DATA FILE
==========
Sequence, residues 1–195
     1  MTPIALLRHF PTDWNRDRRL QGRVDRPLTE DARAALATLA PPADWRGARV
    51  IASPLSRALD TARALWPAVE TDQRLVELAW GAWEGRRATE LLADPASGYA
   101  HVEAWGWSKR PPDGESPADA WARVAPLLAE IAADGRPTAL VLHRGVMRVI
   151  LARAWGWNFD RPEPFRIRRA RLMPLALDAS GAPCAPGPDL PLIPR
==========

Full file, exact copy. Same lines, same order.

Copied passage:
Sequence, residues 1–195
     1  MTPIALLRHF PTDWNRDRRL QGRVDRPLTE DARAALATLA PPADWRGARV
    51  IASPLSRALD TARALWPAVE TDQRLVELAW GAWEGRRATE LLADPASGYA
   101  HVEAWGWSKR PPDGESPADA WARVAPLLAE IAADGRPTAL VLHRGVMRVI
   151  LARAWGWNFD RPEPFRIRRA RLMPLALDAS GAPCAPGPDL PLIPR